National Labor Relations Board, Petitioner, v. Hicks-ponder Co., a Division of Blue Bell, Inc., Respondent, 458 F.2d 19 (5th Cir. 1972)Annotate this Case
March 21, 1972
Marcel Mallet-Prevost, Asst. Gen. Counsel, Michael S. Winer, Atty., N. L. R. B., Washington, D. C., C. Woodrow Greene, Director-Region 28, N. L. R. B., Albuquerque, N. M., Eugene G. Goslee, Acting Gen. Counsel, Dominick L. Manoli, Associate Gen. Counsel, Herman M. Levy, Joseph C. Thackery, Attys., N. L. R. B., Washington, D. C., for petitioner.
John Edward Price & Associates, Fort Worth, Tex., for respondent.
Before GEWIN, AINSWORTH and SIMPSON, Circuit Judges.
The respondent manufactures and distributes men's slacks at a plant in El Paso, Texas, employing about 750 workers, mainly female machine operators. The greater part of these women are poorly educated and circumstanced Mexican nationals with limited use of the English language who commute on a daily basis across the border to the factory. This plant has been the object of attempts at unionization for fifteen years by Amalgamated Clothing Workers of America. The respondent is openly and without dispute hostile to unions and so far has succeeded in resisting unionization.
The latest effort on the part of the union occurred in the spring and summer of 1969. After a hearing on May 9 of that year, the Regional Director granted the union's petition for an election and on June 18 ordered one held July 11, 1969. After an all-out campaign by both sides the election was held. The union lost the election by roughly 5 to 1.
Unfair labor practice charges and objections to the election were filed shortly thereafter by the Union, the cases were consolidated, and after a trial in December 1969 the Trial Examiner rendered decision May 18, 1970. The Board adopted the Trial Examiner's decision November 24, 1970 and brought these enforcement proceedings thereafter.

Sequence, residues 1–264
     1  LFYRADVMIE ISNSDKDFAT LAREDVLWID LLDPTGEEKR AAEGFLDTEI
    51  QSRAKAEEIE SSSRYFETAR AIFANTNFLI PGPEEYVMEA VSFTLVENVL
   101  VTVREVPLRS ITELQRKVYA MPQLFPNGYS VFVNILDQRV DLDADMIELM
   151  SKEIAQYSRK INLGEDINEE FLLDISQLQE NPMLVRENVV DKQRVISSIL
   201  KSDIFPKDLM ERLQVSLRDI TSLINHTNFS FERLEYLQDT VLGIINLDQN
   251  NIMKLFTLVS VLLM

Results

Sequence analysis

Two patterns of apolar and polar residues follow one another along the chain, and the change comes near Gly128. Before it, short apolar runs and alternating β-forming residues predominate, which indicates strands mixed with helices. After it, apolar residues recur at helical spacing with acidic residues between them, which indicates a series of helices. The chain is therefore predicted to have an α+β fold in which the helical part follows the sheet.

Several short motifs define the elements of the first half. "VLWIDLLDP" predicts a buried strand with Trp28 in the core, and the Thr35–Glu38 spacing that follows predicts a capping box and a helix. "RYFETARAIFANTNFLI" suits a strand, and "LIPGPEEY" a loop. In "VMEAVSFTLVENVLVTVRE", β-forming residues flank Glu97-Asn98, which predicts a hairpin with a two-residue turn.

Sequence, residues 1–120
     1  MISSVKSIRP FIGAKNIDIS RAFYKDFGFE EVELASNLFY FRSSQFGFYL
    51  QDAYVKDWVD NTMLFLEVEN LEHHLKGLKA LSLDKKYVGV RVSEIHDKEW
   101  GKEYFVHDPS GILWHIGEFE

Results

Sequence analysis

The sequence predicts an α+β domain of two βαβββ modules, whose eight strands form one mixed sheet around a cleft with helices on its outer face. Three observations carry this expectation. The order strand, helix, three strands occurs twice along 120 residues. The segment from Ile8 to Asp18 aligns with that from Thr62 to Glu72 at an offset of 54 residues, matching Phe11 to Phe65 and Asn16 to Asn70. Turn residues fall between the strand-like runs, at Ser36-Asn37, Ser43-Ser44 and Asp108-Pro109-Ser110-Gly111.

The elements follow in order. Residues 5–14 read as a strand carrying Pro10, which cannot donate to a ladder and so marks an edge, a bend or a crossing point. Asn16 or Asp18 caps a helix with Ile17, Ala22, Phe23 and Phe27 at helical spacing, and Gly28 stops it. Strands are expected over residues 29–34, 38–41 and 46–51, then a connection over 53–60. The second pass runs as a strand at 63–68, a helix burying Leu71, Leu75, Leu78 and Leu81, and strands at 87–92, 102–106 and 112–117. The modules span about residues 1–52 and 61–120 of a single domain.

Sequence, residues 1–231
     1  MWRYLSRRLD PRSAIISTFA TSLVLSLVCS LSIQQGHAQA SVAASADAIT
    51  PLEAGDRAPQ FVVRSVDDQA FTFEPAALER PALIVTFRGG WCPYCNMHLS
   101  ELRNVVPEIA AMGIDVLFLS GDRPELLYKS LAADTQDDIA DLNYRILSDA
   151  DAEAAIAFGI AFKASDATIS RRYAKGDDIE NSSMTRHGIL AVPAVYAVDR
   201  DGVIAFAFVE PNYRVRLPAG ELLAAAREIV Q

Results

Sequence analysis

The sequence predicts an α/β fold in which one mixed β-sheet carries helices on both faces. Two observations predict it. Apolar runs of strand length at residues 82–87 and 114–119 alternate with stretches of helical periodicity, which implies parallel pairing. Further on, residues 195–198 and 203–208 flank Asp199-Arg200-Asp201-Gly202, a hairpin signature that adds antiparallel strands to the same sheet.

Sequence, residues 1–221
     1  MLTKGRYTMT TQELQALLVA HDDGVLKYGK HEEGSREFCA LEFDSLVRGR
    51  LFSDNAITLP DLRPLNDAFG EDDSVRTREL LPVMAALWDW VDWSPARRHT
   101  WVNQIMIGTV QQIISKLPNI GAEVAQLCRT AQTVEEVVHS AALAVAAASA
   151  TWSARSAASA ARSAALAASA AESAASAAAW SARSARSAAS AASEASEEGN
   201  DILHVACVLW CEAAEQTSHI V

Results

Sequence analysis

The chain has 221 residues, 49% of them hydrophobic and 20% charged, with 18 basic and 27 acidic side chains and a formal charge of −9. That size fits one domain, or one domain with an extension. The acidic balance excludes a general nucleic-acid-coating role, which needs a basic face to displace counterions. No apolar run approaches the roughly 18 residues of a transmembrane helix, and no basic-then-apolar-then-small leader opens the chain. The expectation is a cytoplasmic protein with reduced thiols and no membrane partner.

The Board found the company guilty of violating Section 8(a) (1) of the Act by interfering with, restraining and coercing its employees in the exercise of their protected rights under Section 7 of the Act, by speeches of various members of management and use of written material, and by promises of an additional paid holiday, during the election campaign. The Board entered a cease and desist order as to these violations, set aside the election of July 9, 1969, and ordered a second election. The Board further found that the respondent violated Sections 8(a) (1) and 8(a) (3) of the Act by discriminatorily discharging two employees, Reynalda Castellanos and Consuelo Tarin, during the pre-election period because of their pro-union activities, and ordered their re-instatement with back pay, less their net earnings.1
We find, after careful review of the record against the findings and recommendations of the Trial Examiner that the findings of violation of Section 8(a) (1) of the Act are supported by substantial evidence in the record. The Trial Examiner gave no emphasis to the unsophisticated and disadvantaged nature of the majority of the workers involved. But we note this nevertheless as background. It seems logical to conclude that such persons are more easily influenced by veiled threats and more susceptible to intimidation than typical workers in American plants. With respect to the Section 8(a) (1) violation the Board's Decision and Order for a Second Election is enforced.
As to the violations of Sections 8(a) (1) and 8(a) (3) in connection with the discharges of Castellanos and Tarin, the evidence before the examiner as to discriminatory discharge was unsubstantial and inconclusive.2 There was ample evidence of non-union grounds for discharge of Castellanos for physical disability and of Tarin for incompetence. We conclude that these charges were not substantiated by the evidence. Enforcement thereof is denied.
Enforced in part; enforcement denied in part.
The Board's Decision, Order and Direction of Second Election appear at 186 NLRB No. 92, Cases Nos. 28-CA-1922 and 1942 and 28-RC-1901, 1970 CCH NLRB Sec. 22,478
Briefly, the discriminatory discharge finding by the Trial Examiner required belief of the testimony of the two discharged employees (as to which they were themselves in disagreement in important particulars both as to when and where the incident occurred) that they were observed talking together by Carmen Molinar, a company supervisor, on the day of Tarin's discharge, one day prior to Castellanos' discharge. The Trial Examiner was required to infer that the supervisor heard what was said, at best an ambiguous reference to a fellow employee, a prospective card signer they were supposedly going to visit, heard one or the other say "The jig is up" when Molinar was spotted, that Molinar understood the reference, and that this incident was the basis of the discharge. We find this reasoning too tenuous and strained to be credited as "substantial evidence"